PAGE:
The 10ins units, which are aimed at four to 12-year-olds and include a range of simple children’s interactive games, have been initially designed specifically for a supermarket in the Netherlands, where they have been on test for the past three months.

They are free to play and are situated among the products on the supermarket’s shelves with the games interspersed with advertisements from sponsors, which can also be used as screen savers when the unit is not being used.

IKC works exclusively within the realm of retail focused children’s play equipment and has completed large-scale installations for companies including Ikea and McDonalds.

The range of games available on the terminal are fun, informative and educational and IKC chose recycling as a main theme for one of the games, which according to the company, has proved very popular as it is a common theme in education across the whole age range.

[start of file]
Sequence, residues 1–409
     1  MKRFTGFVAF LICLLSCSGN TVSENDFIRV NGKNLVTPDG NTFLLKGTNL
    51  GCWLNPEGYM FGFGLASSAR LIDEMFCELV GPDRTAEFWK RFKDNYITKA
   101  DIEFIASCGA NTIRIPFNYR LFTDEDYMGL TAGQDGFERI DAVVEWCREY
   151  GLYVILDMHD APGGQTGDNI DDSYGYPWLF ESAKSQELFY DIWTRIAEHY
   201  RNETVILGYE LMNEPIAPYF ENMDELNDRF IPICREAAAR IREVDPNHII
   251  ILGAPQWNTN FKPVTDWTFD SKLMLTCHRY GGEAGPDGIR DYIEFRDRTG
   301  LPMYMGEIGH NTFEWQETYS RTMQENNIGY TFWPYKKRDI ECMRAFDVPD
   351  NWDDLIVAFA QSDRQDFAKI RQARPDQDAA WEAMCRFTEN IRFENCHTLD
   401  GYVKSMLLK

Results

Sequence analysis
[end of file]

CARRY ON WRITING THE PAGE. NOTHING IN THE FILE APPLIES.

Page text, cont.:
Michael Black of Sound Leisure told InterGame: "Conventional digital retail promotions take place away from the product, such as above the aisle or hanging from the ceiling of the store, which can leave room for confusion.

"The MiniMike can be situated right alongside the sponsor’s products to ensure the benefit of the promotion is received by the sponsors."

Black went on to say that he feels consumers are now becoming disaffected by digital media promotions presented on grey boxes, hung from walls and ceilings, and that the wow factor of LCD and plasmas passed away some time ago as many consumers now have the same LCD or plasma equipment in their own homes. This means that something like the MiniMike can provide the supermarket with an alternative promotional avenue as well as providing entertainment for children while their parents shop.

But what are the additional benefits to a location incorporating a children’s touchscreen entertainment system rather than more traditional well-established amusements outside or in the foyer?